After a short lead-in Ummon immediately destructively starts blasting from your speakers. Under the tones of a wild Hendrix-like rock anthem we break through orbit in no time. While Earth quickly becomes a pale blue dot we find it hard to imagine that this massive sound only comes from 3 guys. The perfectly blended vintage rock & roll serves as an ideal start for the rest of the 70 minutes that still lie ahead. We spend most of the time in zero gravity surroundings so on the second track It’s Coming... the band turns to a more spacy side, an easily digestible one that is. The core of the track is made up of a heavy body of stoner which becomes heavier as the track pushes forward. Yet at set times a melodious evolving arrangement keeps piercing through the stoner riffs which keeps the track accessible for a larger audience who are not familiar with the space rock genre. Usually space rock anthems easily drift aways and become a trippy experience. It’s Coming… breaks free from this floaty norm and brings a steady building space rock track with a great opening, clear trajectory in between and ditto closing. The clear trajectory in between makes it a more or less unique space rock to listen too.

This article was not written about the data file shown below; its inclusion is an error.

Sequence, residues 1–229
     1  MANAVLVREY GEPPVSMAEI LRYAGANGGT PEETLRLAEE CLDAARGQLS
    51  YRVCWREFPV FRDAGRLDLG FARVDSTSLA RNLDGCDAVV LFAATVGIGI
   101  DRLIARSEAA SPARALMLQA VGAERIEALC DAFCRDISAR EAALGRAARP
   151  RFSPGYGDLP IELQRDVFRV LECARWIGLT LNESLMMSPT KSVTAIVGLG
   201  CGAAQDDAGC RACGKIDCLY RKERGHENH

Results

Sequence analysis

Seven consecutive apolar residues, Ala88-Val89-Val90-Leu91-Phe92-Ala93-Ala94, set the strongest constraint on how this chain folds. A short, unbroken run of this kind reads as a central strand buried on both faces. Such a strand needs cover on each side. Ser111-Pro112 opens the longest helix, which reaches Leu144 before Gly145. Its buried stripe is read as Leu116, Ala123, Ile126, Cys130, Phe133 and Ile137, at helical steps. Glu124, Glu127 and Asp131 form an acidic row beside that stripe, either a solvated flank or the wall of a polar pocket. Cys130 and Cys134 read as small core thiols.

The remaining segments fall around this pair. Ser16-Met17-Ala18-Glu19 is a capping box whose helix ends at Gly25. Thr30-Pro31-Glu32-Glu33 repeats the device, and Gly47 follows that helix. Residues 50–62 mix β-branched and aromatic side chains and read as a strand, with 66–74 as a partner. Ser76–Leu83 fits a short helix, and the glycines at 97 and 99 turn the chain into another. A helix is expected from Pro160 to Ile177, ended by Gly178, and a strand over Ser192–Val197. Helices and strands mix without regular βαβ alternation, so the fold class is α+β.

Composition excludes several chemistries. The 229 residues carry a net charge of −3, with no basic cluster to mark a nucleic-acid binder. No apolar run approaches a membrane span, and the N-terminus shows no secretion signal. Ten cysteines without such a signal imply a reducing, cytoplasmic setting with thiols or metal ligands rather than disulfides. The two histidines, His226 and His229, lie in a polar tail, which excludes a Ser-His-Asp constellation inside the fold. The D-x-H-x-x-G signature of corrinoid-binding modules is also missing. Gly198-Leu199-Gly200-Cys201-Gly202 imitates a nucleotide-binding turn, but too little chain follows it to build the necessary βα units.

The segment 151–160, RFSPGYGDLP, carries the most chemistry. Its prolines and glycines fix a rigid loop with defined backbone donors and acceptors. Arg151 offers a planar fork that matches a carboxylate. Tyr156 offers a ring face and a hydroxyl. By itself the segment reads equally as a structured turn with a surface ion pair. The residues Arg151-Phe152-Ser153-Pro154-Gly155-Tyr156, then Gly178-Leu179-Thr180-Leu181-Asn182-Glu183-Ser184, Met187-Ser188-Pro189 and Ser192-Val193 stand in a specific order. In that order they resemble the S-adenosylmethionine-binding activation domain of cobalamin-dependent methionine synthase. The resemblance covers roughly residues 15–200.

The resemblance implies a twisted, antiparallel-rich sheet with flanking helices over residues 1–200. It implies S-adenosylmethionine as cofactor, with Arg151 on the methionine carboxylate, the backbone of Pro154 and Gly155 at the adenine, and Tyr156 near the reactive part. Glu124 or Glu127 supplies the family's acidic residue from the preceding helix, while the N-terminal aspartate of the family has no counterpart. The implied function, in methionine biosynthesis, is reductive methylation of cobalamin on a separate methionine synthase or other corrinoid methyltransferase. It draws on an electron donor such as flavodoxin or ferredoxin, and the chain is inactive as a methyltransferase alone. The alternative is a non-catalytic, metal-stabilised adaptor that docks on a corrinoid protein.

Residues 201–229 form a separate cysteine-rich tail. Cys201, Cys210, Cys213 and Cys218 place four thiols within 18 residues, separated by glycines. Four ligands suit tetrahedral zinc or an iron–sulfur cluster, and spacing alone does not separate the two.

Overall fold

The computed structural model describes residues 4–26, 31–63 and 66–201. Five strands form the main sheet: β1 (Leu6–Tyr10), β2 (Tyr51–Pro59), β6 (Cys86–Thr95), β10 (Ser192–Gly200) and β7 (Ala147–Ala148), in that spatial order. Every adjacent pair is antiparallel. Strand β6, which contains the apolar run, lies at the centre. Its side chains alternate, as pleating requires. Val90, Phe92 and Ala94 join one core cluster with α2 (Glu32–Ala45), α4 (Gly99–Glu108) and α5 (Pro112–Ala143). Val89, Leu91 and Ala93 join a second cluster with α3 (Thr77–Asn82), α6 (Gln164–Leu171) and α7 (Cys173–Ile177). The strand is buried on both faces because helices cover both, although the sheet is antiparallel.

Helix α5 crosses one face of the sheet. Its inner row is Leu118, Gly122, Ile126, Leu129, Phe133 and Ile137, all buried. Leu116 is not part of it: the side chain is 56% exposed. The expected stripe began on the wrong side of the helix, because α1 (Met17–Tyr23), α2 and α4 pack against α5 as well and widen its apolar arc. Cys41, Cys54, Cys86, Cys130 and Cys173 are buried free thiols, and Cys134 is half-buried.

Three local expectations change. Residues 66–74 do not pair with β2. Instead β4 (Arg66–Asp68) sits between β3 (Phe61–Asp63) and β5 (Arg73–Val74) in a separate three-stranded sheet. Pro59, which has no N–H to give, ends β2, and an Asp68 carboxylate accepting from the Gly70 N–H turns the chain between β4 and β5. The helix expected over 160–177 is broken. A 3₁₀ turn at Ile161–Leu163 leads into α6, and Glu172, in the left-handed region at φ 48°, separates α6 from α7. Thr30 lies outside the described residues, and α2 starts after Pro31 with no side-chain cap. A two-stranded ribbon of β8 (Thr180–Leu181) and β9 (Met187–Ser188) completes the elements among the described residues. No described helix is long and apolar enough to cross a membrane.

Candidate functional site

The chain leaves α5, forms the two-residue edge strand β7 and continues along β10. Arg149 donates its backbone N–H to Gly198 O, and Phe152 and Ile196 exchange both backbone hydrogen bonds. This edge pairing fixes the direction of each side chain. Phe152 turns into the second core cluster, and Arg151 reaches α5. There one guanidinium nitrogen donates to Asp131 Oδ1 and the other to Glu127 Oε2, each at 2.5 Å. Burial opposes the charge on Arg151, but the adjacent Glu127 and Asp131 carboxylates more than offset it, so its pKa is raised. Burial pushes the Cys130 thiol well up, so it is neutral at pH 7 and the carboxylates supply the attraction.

Now that we’re well on our way, we flip sides. Here the three grooves are titled Thousand Helmets of Gold, Citadel on a Satellite and Hyperion. The first here is an appealing continuation of It’s Coming… on which the band adds monolithic guitar riffs to strengthen the dramatics. On Citadel on a Satellite we learn from Jean that the Titans settle on an asteroid: “Calm and serene vista full of wonders you drift for ages for ages time signifies nothing”. Although a heavy metal riff is thrown in our face in the first seconds, most of the track is composed as a tranquil space-prog piece. Still midway things build up again and eventually become wild as lead guitar, bass and drums start overthrowing each other. It’s a crazy experience which gradually morphs into a long quiet synth lead-out. The destructive riffs return on Hyperion. The song introduces UMMON’s protagonist which at the same time also a smart cliffhanger from SLIFT to wrap up LP1 with. The track contains an exquisite groove, swirling around a heavy core of psych rock that keeps pounding through your brain. It’s very effective in getting you hooked for more. So, …you guessed right, here at HQ we didn’t waste any time. We swiftly changed records to continue the story of Hyperion’s wanderings.